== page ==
Review: Mission: Impossible – Rogue Nation
Ahead of the finale of the wildly adventurous new entry into the Mission Impossible franchise, Alec Baldwin’s C.I.A. haughty head gives the British Prime Minister a fantastic and absurd speech that basically tells him how relentless and cunning Agent Ethan Hunt is.
And then sure enough, Hunt shows up in dramatic fashion. It’s laugh-out-loud funny, but that’s just what they want. If each task Hunt and company undertake is impossible, and each one more impossible than the last, then how else should one react than with shock and laughter.
Rogue Nation, the fifth in the film franchise, returns with Tom Cruise in the lead role as the indefatigable agent with no fear, and maybe a few loose screws. We start with the awe-inspiring and tense before heading to the ludicrous and pleasurable; we know Hunt (and Cruise, for that matter) will make it to the finale, but it’s some eye-opening fun that gets us there. Hanging on the side of the plane to start the film (that’s the side door, not the wing), and navigating an underwater chamber are exceptional set-pieces, enhanced by the idea that Cruise himself is there in it.
Written and directed by Christopher McQuarrie (his first time with the series, but fourth time writing for Cruise), this latest entry follows in tone more closely the fourth film, a mixture of comedy and spectacle. Any gravity comes in the form of actress Rebecca Ferguson, who breaks out big as a deep cover spy aligned with Hunt, proving both his physical and mental equal. The only woman in a boys club (Simon Pegg, Ving Rhames, and a particularly wry Jeremy Renner all return as Hunt’s IMF colleagues), Ferguson plays Ilsa Faust, an agent that gets to rescue Hunt more often than the reserve, showing off her combat skills, with and without a knife.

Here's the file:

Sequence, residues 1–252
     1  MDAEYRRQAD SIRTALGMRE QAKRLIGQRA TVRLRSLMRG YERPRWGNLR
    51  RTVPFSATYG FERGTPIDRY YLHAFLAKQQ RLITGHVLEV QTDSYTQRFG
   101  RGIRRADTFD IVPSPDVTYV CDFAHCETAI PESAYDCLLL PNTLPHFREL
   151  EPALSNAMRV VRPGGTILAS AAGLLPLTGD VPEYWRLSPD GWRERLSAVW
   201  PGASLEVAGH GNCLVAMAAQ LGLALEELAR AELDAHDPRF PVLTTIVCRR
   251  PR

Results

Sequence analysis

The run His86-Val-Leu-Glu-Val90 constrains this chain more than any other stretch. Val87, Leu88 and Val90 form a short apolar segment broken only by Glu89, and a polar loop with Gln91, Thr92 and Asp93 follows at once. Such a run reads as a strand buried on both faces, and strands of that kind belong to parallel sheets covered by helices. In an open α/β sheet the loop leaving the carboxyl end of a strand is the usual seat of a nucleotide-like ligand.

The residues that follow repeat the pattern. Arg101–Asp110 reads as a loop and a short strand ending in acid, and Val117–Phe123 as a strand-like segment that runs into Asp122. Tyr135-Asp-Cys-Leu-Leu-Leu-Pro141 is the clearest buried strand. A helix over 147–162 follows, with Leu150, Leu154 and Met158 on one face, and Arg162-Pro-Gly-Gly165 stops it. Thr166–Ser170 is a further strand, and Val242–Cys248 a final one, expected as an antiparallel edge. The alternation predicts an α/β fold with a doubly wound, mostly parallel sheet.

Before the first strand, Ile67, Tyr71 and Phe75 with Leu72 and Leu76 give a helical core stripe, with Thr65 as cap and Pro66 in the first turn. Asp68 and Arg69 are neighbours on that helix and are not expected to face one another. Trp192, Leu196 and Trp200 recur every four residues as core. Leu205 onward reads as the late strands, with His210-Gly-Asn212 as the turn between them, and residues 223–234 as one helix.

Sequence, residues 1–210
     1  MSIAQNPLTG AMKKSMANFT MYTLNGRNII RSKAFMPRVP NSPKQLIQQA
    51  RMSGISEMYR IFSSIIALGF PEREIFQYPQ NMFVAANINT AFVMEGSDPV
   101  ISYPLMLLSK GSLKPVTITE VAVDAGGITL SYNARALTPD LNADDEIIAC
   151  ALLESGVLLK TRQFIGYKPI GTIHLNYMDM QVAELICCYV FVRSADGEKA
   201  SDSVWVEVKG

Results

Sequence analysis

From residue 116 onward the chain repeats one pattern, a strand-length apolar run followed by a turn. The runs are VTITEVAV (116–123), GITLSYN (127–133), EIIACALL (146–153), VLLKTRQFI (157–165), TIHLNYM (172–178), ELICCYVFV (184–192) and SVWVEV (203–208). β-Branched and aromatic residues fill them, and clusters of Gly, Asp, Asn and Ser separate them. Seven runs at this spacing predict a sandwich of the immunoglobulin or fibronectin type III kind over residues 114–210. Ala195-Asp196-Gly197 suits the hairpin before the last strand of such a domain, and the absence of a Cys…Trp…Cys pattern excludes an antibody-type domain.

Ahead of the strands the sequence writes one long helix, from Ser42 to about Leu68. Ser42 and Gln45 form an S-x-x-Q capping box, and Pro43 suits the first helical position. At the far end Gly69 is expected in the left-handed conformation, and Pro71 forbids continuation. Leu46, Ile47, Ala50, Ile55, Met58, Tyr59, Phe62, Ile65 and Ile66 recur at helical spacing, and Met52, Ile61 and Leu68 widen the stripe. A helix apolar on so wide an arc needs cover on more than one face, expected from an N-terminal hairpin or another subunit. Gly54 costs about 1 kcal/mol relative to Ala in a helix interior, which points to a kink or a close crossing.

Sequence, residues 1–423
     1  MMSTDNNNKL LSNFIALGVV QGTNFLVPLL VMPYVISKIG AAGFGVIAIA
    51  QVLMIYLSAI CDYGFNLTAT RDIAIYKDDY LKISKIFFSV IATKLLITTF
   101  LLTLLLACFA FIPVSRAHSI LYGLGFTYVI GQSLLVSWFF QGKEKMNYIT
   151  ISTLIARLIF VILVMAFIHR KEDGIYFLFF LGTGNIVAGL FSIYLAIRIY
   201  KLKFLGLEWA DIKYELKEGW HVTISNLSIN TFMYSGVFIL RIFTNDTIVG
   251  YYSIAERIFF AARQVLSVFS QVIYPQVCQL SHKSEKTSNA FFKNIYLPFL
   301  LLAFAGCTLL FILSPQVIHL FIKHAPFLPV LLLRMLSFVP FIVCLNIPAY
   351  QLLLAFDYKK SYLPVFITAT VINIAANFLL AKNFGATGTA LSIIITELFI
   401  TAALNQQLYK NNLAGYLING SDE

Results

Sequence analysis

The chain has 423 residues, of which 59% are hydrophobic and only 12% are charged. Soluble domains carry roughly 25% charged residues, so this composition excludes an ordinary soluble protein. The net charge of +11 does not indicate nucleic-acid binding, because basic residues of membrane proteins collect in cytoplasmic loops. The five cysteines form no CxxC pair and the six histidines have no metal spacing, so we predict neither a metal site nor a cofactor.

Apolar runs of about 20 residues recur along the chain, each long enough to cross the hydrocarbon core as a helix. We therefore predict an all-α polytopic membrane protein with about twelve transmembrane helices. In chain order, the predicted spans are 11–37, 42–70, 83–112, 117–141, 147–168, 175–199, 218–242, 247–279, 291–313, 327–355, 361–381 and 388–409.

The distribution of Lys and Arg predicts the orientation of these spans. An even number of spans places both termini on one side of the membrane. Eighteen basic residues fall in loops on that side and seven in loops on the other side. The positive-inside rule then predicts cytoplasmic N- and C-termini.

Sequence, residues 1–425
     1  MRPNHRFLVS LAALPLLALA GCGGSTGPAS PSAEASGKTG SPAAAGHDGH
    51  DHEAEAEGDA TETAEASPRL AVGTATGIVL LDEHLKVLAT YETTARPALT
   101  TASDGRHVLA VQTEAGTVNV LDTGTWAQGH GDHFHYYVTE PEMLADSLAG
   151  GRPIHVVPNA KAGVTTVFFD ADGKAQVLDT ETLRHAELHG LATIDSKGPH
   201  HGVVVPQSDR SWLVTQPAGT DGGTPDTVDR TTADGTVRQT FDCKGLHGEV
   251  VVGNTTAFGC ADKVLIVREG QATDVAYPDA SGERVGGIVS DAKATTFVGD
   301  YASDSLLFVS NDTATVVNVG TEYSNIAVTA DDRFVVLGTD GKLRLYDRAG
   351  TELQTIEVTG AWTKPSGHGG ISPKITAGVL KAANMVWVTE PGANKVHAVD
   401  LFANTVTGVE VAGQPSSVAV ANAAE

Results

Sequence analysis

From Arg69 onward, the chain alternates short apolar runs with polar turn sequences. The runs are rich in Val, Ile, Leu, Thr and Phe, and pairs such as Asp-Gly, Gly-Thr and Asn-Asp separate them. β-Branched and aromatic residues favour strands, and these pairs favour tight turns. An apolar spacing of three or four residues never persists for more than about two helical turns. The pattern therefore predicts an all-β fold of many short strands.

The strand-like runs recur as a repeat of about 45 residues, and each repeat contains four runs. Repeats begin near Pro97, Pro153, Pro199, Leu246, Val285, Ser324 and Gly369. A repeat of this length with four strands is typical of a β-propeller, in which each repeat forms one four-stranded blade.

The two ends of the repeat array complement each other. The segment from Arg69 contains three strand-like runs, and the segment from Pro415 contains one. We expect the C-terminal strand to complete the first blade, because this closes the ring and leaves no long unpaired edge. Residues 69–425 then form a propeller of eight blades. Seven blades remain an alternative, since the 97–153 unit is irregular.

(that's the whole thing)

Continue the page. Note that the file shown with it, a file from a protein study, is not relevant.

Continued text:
Following Hunt’s reckless leap on a cargo plane to capture some dangerous package, the C.I.A. director (a perfectly-cast, cocky Baldwin), sits besides Renner’s Agent Brandt lobbying to shut down the reckless Impossible Mission Force. He succeeds, and while Brandt is in Washington, reluctantly working beside the director, Hunt goes lobe-trotting in search of a devious leader of the mysterious Syndicate.
That the evil organization is named the Syndicate, and that so many characters keep saying the name, is utterly silly; I get that ‘Spectre’ and ‘KAOS’ are taken, but the Syndicate sounds like something out of Austin Powers or The Simpsons.
Still, this rogue nation boasts a well-manicured and soft-spoken calculating leader in Sean Harris, and a behemoth of a number one henchman nicknamed ‘The Bone Doctor.’ Hunt develops a monomaniacal obsession with taking down the group (it may remind viewers uncomfortable of Cruise’s real life passions), which may be the least interesting part of the film. The plot is held together by the charm of its cast, especially Pegg who also plays the most sympathetic character, and the almost relentless action.
It becomes absurd action yes, but really where else is there to go? “It’s an impossible mission,” says Faust at one point, simultaneously serious and comic. Before you know it, Hunt is underwater as the audience holds its breath, waiting for things to go wrong before it all falls into place.